The Greens Win a Spot in the TV Debates

As you may have heard, everybody involved in the federal leadership debates did a flip-flop, and agreed to include Green Party leader Elizabeth May in the debate. The rationales seem, well, peculiar:

Layton, who faced protesters at an Ontario campaign event on Wednesday, conceded the issue had become a “distraction,” and said he did not want to continue “debating about the debate” until the election. “I have only one condition for this debate, and that is that the prime minister is there, because I want to debate the issues with him,” Layton said.

Kory Teneycke, Harper’s director of communications, confirmed Harper had also changed his mind, telling reporters that while the Conservatives still objected to May’s participation on principle, he would no longer oppose May’s inclusion. “We don’t think she should be there, but if the NDP have decided they’re changing their position, we will not stand alone,” he said. In an interview with CBC News, Tory campaign co-chairman David Emerson said the reversal was a case of the prime minister “reacting to changing circumstances.”

May says that “tens of thousands of Canadians came to her defence, with some staging protests or telephoning the TV networks in charge of the debates”. Really? What evidence was there of a protest of this scope? I joined a Facebook group (that was the vast extent of my public dissent), and it only has 209 members. Ah, hang on, clearly I joined the wrong group. This one has 6007 members, which is pretty good for being only a few days old.

Still, you’ve got to hand it to Mr. Layton and Prime Minister Harper–way to have the courage of your convictions.

On a related note, the UBC School of Journalism created, a Netvibes-powered aggregator of social media news and commentary about the election. They asked for my feedback, so my main complaint would be the lack of RSS feeds. Obviously Netvibes doesn’t want you to consume information that way, but it’s too bad that we can’t grab, say, a mega-feed for the entire site. Then you could filter it for mentions of your local candidate, a particular issue like ‘net neutrality’ or whatever.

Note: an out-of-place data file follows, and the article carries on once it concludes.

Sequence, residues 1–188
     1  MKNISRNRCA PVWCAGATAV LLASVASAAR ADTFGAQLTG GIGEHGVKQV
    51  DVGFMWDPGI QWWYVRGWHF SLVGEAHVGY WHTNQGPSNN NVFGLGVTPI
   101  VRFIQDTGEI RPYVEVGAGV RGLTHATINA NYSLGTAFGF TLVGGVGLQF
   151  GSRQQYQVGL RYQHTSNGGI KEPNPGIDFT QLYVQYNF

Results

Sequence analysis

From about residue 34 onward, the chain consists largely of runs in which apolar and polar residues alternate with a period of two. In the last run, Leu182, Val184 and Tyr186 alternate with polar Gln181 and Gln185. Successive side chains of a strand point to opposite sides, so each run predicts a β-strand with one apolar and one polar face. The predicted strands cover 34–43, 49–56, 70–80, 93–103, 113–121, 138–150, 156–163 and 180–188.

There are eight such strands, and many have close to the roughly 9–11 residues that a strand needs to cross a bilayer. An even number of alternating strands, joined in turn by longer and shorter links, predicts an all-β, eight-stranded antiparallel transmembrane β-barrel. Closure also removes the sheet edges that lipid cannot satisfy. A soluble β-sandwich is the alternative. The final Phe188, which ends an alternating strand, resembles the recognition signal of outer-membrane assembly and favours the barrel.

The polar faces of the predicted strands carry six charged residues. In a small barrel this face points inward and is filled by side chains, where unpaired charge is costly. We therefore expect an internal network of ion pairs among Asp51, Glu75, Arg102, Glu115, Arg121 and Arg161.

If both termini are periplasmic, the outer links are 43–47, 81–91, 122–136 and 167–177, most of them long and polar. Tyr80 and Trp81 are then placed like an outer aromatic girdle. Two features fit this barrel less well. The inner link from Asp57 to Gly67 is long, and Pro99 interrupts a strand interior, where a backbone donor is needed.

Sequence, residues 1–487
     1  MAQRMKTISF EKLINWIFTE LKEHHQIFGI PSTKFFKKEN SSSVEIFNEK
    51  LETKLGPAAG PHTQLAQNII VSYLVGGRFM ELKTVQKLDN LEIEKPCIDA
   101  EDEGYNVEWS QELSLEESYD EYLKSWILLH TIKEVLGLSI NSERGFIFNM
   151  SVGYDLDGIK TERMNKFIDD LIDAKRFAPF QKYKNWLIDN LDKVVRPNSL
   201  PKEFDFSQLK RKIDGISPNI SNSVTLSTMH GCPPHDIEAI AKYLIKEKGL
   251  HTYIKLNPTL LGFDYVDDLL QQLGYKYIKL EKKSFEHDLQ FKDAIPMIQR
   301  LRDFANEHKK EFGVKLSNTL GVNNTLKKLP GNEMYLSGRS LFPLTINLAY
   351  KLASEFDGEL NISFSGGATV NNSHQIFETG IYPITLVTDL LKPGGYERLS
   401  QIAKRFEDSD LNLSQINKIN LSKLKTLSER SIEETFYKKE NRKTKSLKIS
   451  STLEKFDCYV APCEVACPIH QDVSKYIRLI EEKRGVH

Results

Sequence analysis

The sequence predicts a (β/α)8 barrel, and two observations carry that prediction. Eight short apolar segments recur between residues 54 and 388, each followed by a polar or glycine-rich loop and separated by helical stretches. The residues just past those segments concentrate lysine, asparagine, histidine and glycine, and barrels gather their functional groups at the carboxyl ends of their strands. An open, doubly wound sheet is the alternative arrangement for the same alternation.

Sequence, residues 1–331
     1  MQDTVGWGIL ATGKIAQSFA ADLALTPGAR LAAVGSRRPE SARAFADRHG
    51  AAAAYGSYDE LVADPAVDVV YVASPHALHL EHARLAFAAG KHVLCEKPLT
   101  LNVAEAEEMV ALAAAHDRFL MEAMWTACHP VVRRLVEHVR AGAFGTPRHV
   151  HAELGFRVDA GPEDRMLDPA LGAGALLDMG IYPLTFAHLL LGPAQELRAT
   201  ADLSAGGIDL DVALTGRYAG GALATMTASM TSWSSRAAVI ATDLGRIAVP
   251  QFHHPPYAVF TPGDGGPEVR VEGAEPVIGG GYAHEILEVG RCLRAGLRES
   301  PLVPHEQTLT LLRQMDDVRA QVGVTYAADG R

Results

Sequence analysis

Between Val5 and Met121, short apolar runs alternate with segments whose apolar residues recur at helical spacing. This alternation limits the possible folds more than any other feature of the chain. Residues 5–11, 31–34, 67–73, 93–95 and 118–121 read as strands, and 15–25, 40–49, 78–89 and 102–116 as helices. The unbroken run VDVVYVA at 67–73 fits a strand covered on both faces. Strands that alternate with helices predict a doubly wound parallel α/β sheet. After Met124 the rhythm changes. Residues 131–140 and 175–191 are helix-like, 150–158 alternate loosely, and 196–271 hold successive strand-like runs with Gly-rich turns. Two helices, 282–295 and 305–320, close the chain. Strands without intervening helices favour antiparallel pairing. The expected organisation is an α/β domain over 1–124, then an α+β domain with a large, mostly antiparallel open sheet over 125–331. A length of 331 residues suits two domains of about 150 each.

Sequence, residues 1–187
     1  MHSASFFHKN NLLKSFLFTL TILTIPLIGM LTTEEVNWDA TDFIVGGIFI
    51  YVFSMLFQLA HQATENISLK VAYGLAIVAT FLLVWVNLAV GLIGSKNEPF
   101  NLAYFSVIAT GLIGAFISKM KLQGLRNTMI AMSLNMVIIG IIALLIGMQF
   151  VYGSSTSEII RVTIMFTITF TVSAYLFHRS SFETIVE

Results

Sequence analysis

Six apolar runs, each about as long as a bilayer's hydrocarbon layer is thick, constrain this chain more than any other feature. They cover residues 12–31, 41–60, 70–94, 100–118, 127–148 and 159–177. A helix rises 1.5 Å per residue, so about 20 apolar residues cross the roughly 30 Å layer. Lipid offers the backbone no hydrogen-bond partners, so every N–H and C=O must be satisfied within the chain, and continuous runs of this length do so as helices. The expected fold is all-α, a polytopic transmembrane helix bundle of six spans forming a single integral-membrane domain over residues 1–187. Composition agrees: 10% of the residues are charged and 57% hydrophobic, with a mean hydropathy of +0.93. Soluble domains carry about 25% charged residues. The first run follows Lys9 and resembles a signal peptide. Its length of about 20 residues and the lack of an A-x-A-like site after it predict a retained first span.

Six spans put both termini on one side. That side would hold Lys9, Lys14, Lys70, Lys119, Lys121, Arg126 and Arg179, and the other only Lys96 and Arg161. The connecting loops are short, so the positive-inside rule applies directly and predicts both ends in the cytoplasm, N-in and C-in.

1. Do you mean a mega-feed for all the blogs? Or a mega-feed that includes all the blogs/flickr/tweets/etc.

    They could probably offer a mega-feed pretty easily too via Yahoo Pipes.

  2. I think FriendFeed would have been a better platform than NetVibes. It provides a re-feed of its aggregated content. only works if you accept third-party cookies for NetVibes, if you don’t, it won’t even let you see the page content.

  3. Still, you’ve got to hand it to Mr. Layton and Prime Minister Harper–way to have the courage of your convictions.

    Not really fair. Who gets to participate in nationally televised leadership debates isn’t a matter of principle so much as expedience.

    I’m virtually certain that the debates would have been better without the Green Party. On the other hand, it appears the debate story would have otherwise been “why were the Greens shut out?” had they not been admitted.

    The only reason I’m even slightly inclined to let them participate is their new-found MP. Not that I consider floor-crossing a per se invalid practice; it’s just that in this case they have an MP who has not voted on anything as a Green, and who is not particularly likely to re-take his seat.

    It’s not an exaggeration to describe him as a paper member.

  4. One of my recent posts about the use (or misuse) of Twitter by Canadian politicians was aggregated from NetPrimeMinister, but didn’t pick up all the keywords. Not sure if that’s a shortcoming of NetVibes or what.

Comments are closed.

%d bloggers like this: